Troubleshooting Process Elevation in Privilege Manager

Oct. 12th 2016

Here are some tips when trying to discover why the process elevation feature is not working as expected.

  • Ensure that the rule has been created, has been saved and applied to a Group Policy Object (GPO). Ensure this GPO has been linked to either an OU or the domain.
  • Ensure that the Privilege Authority Client is installed on the client machine by looking in the Add/Remove Programs applet. If WMI is available, you can query the machine by dropping into a command prompt and typing “wmic /node: <fqdn of machine> product get name,version “.  If you need PowerShell, there is a great script located here.
  • From the command prompt, run ‘GPUpdate /force’ to make sure that the Group Policy has been refreshed.
  • Run ‘GPResult’ (or ‘GPResult /R’ on Windows7 or 2008), and check that the GPO the rule belongs to has been applied to that machine.  You can also use the Resultant Set of Policy (RSoP) feature or Group Policy Modeling on the Group Policy Console.  For more info, see here.
  • Check in the registry for the rule. Rules are copied to the key –

HKEY_LOCAL_MACHINE\Software\ScriptLogic Corporation\Privilege Authority\CSE\CSEHost\Host. Under this key you will see a key which is the SID for each user (i.e. S-1-5-21-15….) and then a unique GUID for each rule underneath this. To match the SID to a user account, navigate to HKLM\SOFTWARE\Microsoft\Windows NT\CurrentVersion\ProfileList and look at the data in the ProfileImagePath value or use the script provided below.

You can also create a VB Script using the following script:

Set oShell = CreateObject( “WScript.Shell” )

User=oShell.ExpandEnvironmentStrings(“%UserName%”)

UserDomain=oShell.ExpandEnvironmentStrings(“%UserDomain%”)

strComputer = “.”

Set objWMIService = GetObject(“winmgmts:\\” & strComputer & “\root\cimv2”)

Set objAccount = objWMIService.Get(“Win32_UserAccount.Name='” & User & “‘,Domain='” & UserDomain & “‘”)

DisplayString = UserDomain & “\” & User & ” = ” & objAccount.SID

Wscript.Echo DisplayString

Wscript.Echo objAccount.SID

  • If the rule is present in the registry, enable logging to troubleshoot further.

 To Enable Logging

 

Under the registry key HKLM\Software\ScriptLogic Corporation\Privilege Authority\ change ‘LogLevel’ from the default value of 0 to 3 and restart the ScriptLogic Privilege Authority Host Service.  The log files can be found in the folder specified in the ‘InstallPath’ value under this same key. The default log location is C:\ProgramData\Privilege Authority\Logs.

  • Run the application or target process that you have created your rule for. Then go to the log file folder (by default – C:\ProgramData\Privilege Authority\Logs) and open the CSEHostEngine.log file. Every process that is being run by the user will be displayed.  To the right of each process, you will see a “MATCH” or “NO MATCH” status indicating whether or not the process matched a given Privilege Authority rule. Then, do a search for the process that you are trying to elevate and see if there is a match or not.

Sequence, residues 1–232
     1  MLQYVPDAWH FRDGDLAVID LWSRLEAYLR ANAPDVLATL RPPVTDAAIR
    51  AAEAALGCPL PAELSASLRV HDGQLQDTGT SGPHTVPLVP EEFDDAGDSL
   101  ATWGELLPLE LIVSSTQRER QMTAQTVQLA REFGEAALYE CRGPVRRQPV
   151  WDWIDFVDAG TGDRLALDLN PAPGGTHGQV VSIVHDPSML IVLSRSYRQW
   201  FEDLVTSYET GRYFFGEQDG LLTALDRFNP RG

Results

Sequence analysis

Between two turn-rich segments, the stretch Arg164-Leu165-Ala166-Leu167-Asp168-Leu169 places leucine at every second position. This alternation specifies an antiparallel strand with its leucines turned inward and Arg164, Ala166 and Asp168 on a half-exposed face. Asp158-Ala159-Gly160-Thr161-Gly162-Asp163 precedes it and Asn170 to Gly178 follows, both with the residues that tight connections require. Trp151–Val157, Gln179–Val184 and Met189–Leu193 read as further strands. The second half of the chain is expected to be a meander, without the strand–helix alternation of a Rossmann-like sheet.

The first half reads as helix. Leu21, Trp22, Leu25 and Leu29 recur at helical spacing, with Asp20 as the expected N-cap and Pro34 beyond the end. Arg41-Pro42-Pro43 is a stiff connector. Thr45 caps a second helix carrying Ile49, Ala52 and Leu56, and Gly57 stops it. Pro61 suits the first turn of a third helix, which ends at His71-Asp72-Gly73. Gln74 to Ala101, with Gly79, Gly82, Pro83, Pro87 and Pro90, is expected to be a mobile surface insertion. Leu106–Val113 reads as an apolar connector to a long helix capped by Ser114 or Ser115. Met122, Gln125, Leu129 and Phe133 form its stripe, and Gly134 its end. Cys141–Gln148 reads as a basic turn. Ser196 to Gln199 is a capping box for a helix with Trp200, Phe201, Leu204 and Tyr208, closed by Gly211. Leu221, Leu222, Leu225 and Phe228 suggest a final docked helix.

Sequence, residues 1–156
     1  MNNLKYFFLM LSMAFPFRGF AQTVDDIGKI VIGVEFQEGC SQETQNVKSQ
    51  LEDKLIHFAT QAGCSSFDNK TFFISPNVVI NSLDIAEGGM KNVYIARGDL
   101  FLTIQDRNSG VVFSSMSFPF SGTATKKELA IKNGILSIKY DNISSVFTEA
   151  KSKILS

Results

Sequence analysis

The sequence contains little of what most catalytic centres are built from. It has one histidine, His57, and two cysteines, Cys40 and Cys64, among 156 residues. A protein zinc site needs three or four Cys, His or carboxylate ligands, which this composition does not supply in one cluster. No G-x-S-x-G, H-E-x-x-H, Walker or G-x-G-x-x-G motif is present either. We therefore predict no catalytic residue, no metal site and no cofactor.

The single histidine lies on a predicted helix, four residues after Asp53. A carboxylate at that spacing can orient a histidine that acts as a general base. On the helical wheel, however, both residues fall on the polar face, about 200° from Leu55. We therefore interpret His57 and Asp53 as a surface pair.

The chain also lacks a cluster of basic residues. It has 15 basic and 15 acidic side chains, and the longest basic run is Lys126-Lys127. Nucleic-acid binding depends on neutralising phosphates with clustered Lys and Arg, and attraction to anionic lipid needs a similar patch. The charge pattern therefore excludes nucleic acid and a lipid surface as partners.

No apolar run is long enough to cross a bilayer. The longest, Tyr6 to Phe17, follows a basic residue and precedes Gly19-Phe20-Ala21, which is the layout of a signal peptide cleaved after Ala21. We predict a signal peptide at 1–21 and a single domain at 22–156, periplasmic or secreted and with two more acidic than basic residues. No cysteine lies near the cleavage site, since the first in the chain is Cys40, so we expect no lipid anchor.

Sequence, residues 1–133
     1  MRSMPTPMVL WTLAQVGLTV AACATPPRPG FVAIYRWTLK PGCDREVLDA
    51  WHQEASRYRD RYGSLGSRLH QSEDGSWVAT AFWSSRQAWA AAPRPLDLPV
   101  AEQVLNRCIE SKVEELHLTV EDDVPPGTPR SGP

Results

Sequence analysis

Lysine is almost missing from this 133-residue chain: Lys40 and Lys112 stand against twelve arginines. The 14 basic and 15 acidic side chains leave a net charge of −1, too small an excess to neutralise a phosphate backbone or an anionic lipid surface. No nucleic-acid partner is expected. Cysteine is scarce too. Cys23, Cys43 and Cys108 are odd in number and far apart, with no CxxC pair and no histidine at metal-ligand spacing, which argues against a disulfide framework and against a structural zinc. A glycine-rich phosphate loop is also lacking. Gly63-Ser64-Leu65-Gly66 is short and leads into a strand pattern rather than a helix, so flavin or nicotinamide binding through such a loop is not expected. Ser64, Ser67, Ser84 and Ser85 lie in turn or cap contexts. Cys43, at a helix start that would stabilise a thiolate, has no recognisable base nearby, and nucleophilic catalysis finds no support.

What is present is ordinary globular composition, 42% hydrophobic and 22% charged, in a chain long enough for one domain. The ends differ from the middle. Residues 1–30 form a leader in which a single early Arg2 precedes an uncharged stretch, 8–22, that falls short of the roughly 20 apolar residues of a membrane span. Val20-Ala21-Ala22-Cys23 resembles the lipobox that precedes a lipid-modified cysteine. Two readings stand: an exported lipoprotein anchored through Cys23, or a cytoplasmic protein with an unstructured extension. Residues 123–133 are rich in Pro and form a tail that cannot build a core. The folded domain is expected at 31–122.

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SharePlex – Repairing a Table with Copy

Jan. 2nd 2014

This procedure is generally used only for very large tables when standard compare and repair can not be executed due to time or system resource constraints.  The instructions below will allow you to execute this procedure with the least amount of impact to the database, by minimizing the lock time required on the table.

  • Open 3 windows on the source system to expedite the process. This will enable you to minimize the amount of time the full table lock is held. With proper execution, the table lock can be less than 10 seconds.
  • In one window, create an export parameter file to export the table you want to synchronize. When complete, enter the export command but don’t hit the return key. The basic export command or data pump can be used.
    • noup / expdp parfile=exp.par &
  • In your second window, enter sqlplus from the command line. Enter the lock table command but do not hit return.
    • sqlplus / as sysdba
    • SQL>  lock table <table name> in exclusive mode;
  • In your third window, enter sp_ctrl and type in the flush command but do not hit return.
    • sp_ctrl
    • > flush <datasource>
  • You are now ready to start the procedure. All steps should be done as quickly as possible to reduce the lock time.
  1. Execute the lock table command in window two. If this times out, retry until successful.
  2. Execute flush command in window three.
  3. Start export command in window one.
  4. Return to window two and execute a commit.
  5. When export is completed, transfer dump file to target server, truncate the table, and import it.
  6. Start the post process.

 

Author: Mark Bochinski, Senior SharePlex DBA, LeadThem Consulting